25 May 2011

xkcd, philosophy, and Wikipedia

If you hover the cursor over today's xkcd, you'll see the following:

Wikipedia trivia: if you take any article, click on the first link in the article text not in parentheses or italics, and then repeat, you will eventually end up at "Philosophy".


I first heard this a few days ago, but with "Philosophy" replaced by "Mathematics". Here's an example:

I clicked on "Random article" which took me to Billy Mercer (footballer born 1896). Following the instructions goes to England (Mercer was English), Country, Geography, Earth, Orbit, Physics, Natural science, Science, Knowledge, Fact, Verification, Formal verification, Mathematical proof, Mathematics.

(A few days ago "fact" went to "information"; the article starts "The word fact can refer to verified information" and someone made "verified" into a link recently. In that case the sequence is fact, information, sequence, mathematics.)

If you keep going you get "quantity", "property (philosophy)", "modern philosophy", "philosophy", "reason", "rationality", "mental exercise", "Alzheimer's disease", "dementia", "cognition", "thought", "consciousness", "mind", "panpsychism", and back to "philosophy".

("rationality" used to go to "philosophy", until someone edited it, leaving the note "Raised the period of the Philosophy article... it was ridiculously low." Of course once someone points out some property of Wikipedia, people will tamper with it.

This doesn't seem to happen if you click on random links, or even second links. The basic reason seems to be a quirk of Wikipedia style -- the article for X often starts out "X is a Y" or "In the field of Y, X is..." or something like that, so there's a tendency for the first link in an article to point to something "more general". Does this mean that "mathematics" necessarily has to be the attractor? Of course not. But it does mean that the attractor, if it exists, will probably be some very broad article.

Edited to add, Thursday, 10:26 am: Try the same thing at the French wikipedia; it doesn't work. This seems to depend on certain conventions that English-language Wikipedians have adopted. However, it seems to work at the Spanish wikipedia, with FilosofĂ­a as the target.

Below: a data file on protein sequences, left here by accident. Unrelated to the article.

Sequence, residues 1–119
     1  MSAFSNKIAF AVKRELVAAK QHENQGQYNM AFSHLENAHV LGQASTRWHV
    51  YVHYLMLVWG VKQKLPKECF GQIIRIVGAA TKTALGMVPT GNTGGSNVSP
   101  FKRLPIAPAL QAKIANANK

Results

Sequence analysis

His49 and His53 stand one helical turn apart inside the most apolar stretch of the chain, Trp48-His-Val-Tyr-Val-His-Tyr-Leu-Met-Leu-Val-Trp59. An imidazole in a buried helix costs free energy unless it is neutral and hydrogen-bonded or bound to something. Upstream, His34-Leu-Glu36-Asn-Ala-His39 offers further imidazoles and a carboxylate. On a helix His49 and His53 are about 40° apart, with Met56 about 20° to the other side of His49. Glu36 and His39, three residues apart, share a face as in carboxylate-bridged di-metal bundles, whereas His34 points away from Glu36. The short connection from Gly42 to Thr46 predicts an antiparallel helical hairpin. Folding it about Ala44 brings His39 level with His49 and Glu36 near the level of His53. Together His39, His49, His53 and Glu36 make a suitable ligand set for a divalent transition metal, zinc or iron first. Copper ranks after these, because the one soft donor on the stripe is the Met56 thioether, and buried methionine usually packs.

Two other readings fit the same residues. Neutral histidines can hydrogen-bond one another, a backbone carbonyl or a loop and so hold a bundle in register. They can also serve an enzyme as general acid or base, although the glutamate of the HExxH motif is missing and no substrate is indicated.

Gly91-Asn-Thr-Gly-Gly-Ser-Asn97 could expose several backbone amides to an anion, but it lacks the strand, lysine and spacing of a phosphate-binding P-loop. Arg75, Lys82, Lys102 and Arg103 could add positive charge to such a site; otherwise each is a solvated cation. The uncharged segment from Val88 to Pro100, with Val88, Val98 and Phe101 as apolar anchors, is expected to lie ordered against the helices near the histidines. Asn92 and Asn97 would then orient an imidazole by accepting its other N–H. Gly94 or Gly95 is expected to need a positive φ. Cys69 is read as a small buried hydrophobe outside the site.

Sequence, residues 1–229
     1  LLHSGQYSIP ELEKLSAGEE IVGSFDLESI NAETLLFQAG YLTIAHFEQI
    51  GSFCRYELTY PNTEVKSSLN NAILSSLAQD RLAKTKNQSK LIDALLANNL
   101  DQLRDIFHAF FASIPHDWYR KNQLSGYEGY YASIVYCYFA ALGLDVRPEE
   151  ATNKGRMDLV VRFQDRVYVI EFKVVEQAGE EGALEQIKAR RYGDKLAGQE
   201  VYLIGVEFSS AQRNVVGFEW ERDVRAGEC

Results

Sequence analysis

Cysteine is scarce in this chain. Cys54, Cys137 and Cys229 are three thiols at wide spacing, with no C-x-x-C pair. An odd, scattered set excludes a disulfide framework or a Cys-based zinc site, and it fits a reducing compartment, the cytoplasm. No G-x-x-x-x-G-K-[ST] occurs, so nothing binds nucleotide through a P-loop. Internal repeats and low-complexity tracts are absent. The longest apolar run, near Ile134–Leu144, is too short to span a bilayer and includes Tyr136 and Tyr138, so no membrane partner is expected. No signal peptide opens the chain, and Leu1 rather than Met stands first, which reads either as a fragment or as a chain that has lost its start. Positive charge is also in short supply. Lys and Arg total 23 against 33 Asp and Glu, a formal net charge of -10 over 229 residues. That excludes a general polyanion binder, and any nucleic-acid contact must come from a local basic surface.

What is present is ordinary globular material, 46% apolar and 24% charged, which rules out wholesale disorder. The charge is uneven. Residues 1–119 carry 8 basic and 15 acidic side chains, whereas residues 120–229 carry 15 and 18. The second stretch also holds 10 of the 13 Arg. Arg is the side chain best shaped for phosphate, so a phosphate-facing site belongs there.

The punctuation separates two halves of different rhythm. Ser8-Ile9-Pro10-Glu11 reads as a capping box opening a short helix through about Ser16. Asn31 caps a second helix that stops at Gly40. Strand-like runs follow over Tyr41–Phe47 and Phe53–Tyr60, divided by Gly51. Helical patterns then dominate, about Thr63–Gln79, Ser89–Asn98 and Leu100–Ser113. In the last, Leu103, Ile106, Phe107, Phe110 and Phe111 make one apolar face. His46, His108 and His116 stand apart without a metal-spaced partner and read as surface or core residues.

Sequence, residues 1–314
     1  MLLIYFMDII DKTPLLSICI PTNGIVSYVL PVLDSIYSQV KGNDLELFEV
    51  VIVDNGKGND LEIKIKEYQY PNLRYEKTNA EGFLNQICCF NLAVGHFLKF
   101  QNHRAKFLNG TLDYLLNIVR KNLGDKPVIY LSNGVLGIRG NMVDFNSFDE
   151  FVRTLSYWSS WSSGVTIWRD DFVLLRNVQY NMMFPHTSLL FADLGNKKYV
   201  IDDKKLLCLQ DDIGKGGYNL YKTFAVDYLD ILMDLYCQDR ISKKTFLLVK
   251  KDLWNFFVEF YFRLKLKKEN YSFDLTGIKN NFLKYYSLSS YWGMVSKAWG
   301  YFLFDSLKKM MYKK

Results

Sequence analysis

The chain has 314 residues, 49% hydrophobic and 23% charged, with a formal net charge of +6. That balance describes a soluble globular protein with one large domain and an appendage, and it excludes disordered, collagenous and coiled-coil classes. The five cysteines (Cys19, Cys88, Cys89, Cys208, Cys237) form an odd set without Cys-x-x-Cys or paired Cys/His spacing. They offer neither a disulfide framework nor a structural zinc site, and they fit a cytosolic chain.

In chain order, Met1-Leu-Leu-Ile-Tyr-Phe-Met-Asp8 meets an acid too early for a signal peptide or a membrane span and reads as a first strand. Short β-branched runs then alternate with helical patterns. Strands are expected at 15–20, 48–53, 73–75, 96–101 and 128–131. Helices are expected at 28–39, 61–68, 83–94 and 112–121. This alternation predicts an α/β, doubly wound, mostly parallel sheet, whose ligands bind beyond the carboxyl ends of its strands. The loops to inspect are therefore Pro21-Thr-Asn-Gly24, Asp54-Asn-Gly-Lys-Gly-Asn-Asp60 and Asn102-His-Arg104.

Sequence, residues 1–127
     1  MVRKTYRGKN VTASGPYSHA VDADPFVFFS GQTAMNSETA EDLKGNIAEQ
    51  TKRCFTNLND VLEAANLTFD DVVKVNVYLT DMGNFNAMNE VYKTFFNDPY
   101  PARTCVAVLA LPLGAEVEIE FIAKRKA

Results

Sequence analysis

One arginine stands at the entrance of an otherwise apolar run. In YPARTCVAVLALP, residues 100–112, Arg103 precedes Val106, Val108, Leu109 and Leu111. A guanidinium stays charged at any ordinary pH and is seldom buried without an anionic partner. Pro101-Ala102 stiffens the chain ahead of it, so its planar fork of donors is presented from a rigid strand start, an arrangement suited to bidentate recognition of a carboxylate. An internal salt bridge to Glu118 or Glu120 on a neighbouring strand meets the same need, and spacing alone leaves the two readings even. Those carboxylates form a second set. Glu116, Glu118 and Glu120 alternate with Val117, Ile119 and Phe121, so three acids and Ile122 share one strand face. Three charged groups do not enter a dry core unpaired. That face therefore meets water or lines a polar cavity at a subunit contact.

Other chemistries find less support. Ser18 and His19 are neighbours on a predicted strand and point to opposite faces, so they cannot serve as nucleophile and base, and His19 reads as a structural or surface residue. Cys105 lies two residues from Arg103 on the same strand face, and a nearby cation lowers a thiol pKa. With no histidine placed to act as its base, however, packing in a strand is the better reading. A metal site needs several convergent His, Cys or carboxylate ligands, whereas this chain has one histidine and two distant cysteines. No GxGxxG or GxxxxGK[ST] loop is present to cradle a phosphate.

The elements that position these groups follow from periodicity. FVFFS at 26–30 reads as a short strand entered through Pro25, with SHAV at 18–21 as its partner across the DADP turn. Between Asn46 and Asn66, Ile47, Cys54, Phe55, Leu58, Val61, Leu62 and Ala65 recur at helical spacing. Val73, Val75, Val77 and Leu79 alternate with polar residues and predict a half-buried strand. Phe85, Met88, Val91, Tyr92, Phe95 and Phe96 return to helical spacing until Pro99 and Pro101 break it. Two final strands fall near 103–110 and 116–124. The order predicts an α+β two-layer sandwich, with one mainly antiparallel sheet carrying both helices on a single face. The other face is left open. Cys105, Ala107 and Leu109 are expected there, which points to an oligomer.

6 comments:

jonathan said...

You usually get to mathematics (90% or so) that then goes to philosophy. Occassionaly you do bypass mathematics. Amusingly a counter-example to always arriving at mathematics is the article tittled "counterexample"

Lord of the Files said...

I dunno, I keep getting into loops!

Michael Lugo said...

I think that since this has started to get attention people have been making changes so that it's not true, or so that it's not quite so obvious. Ideally one would want to explore Wikipedia as it existed a week ago, instead of Wikipedia today.

Gary said...

I found that the security page forms a closed loop of only 3 pages.

Eline said...

This one is even shorter (shortest?): university goes to higher knowledge, in which the first non-italic-nor-between-parantheses-clickable word is university :)

divisbyzero.com said...

By graph theory, every path must end in a cycle or a dead end (are there dead ends)? Right now mathematics and philosophy are in the same cycle. I wonder if this cycle has the largest basin of attraction of any cycle/dead end---that seems to be the case. I wonder what percent of the vertices are in it (at any given point in time).